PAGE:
Even taken in very small quantities, beta-blockers used to treat high blood pressure can cause serious problems for pets. Overdoses can trigger life-threatening decreases in blood pressure and a very slow heart rate.
Pets — especially dogs — get underactive thyroids too. However, the dose of thyroid hormone (e.g., Armour, Nature-Throid and WP Thyroid, Synthroid) needed to treat dogs is much higher than the human dose. Therefore, if dogs accidentally get into thyroid hormones at home, it rarely results in problems. However, large acute overdoses in cats and dogs can cause muscle tremors, nervousness, panting, a rapid heart rate and aggression.
Cholesterol lowering agents
These medications, often called “statins,” include the brand names Lipitor, Zocor and Crestor. While pets don’t typically get high cholesterol, they may still get into the pill bottle. Thankfully, most ingestions only cause mild vomiting or diarrhea. Serious side effects from these drugs come with long-term use, not one-time ingestions.
How to Keep Your Pet Safe From Medication Poisoning
To prevent your dog or cat from getting into your medications, always keep them safely out of reach and never administer a medication to your pet without first consulting with your veterinarian.
- Never leave loose pills in a plastic sandwich bag — the bags are too easy to chew into. Make sure all family members and guests do the same, keeping their medications out of reach.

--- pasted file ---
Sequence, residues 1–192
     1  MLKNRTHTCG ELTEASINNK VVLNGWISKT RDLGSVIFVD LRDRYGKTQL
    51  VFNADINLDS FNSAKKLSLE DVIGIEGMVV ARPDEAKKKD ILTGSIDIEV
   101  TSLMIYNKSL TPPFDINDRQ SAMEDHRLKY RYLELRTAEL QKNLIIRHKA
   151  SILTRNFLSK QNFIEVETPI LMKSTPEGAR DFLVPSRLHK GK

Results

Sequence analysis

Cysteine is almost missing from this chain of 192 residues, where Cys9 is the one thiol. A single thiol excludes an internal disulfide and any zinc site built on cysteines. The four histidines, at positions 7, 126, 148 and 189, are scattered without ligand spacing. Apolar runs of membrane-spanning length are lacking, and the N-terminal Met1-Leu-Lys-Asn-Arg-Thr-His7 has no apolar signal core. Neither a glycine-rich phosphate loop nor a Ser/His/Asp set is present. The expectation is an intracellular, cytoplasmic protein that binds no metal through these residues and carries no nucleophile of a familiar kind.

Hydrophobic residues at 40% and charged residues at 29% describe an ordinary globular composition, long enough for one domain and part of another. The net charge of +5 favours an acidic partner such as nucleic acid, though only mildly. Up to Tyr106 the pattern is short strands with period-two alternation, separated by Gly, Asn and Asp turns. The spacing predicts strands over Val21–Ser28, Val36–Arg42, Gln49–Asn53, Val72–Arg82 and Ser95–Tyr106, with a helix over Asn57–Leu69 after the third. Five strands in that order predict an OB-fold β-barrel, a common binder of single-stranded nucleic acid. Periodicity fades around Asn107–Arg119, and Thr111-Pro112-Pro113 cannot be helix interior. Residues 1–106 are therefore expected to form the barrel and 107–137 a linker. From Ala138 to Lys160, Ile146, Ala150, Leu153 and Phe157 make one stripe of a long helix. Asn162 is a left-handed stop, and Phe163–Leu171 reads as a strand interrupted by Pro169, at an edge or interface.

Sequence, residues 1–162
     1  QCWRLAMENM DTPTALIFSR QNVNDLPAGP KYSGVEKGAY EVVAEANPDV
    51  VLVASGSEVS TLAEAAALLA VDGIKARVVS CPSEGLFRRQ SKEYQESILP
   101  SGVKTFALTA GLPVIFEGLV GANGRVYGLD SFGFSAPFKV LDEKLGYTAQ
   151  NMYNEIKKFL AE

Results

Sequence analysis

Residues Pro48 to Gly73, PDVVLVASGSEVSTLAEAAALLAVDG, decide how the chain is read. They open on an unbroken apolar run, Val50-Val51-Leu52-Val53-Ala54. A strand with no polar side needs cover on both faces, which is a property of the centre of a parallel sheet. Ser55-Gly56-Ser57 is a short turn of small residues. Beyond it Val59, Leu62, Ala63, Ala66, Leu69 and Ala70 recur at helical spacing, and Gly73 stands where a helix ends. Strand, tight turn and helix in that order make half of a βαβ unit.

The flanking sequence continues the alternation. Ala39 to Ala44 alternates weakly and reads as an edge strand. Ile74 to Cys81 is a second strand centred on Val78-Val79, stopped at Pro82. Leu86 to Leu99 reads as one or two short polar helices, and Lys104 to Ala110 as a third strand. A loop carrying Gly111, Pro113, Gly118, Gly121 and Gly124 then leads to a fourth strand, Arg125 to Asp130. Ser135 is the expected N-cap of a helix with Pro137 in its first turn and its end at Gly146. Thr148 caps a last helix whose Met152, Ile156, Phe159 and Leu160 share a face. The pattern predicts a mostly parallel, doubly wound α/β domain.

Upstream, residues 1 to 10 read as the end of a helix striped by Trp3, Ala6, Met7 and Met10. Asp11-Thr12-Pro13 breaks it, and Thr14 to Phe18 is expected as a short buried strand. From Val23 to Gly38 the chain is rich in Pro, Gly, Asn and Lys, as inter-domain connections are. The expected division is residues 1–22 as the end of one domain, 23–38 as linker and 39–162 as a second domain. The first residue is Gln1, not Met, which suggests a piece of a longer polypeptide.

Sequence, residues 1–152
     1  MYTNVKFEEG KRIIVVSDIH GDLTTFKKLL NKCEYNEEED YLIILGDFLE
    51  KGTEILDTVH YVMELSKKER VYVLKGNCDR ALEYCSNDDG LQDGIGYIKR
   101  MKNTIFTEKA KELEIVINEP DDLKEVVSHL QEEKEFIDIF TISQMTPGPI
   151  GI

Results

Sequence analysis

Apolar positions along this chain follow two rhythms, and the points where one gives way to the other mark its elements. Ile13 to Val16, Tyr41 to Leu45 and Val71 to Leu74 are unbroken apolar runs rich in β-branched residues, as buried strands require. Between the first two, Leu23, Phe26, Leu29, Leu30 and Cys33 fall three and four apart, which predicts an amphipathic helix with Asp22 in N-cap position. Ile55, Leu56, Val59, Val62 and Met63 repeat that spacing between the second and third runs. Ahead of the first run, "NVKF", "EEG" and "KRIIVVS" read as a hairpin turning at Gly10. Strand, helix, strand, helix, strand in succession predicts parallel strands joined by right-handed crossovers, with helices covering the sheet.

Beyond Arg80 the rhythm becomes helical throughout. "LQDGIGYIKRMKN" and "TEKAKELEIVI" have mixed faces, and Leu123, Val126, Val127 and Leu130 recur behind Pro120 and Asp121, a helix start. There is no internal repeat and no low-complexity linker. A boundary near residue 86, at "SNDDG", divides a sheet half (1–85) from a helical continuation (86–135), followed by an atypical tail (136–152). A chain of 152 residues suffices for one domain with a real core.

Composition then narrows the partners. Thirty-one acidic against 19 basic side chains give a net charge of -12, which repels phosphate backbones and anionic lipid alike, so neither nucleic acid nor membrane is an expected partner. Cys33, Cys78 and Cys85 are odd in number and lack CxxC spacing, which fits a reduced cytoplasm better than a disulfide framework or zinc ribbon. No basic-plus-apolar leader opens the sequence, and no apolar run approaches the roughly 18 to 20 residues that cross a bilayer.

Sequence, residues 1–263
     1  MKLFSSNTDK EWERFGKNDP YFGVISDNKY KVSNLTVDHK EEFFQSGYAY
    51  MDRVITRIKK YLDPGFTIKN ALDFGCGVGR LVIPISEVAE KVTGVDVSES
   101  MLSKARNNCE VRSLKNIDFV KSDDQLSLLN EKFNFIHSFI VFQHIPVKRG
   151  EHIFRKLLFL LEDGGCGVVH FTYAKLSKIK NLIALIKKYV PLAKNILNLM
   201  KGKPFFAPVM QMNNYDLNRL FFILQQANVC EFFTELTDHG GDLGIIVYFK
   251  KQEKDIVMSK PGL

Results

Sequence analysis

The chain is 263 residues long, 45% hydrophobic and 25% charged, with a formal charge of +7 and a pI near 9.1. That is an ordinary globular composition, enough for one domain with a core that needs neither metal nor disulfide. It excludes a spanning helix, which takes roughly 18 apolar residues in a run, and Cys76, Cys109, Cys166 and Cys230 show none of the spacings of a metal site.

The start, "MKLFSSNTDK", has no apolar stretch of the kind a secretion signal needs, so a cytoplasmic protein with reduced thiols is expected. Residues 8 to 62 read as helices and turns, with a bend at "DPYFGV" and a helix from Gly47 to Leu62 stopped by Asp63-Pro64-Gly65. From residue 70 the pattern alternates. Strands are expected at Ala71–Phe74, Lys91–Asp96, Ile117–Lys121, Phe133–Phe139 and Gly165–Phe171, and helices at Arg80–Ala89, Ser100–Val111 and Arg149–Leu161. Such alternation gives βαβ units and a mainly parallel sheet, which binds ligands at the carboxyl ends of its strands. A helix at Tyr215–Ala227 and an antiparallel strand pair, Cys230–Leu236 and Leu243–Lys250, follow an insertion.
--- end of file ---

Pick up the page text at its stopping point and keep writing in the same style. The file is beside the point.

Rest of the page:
- If you keep your medication in a pillbox or weekly pill container, make sure to store the container in a cabinet, as your dog might think it’s a plastic chew toy.
- Never store your medications near your pet’s medications. Pet poison hotlines receive hundreds of calls every year from concerned pet owners who have inadvertently given their own medication to their pet.
- Hang up your purse or backpack. Curious pets will explore the contents of your bag and simply placing it up out of reach solves the problem.
Remember: Nearly 50 percent of all pet poisonings involve human drugs. Pets metabolize medications very differently from people. Even seemingly benign over-the-counter herbal medications, human vitamins and mineral supplements may cause serious poisoning in pets. If your pet has ingested a human over-the-counter or prescription medication, please call your veterinarian, your local emergency animal hospital or Pet Poison Helpline’s 24-hour animal poison control center at 855-764-7661 immediately.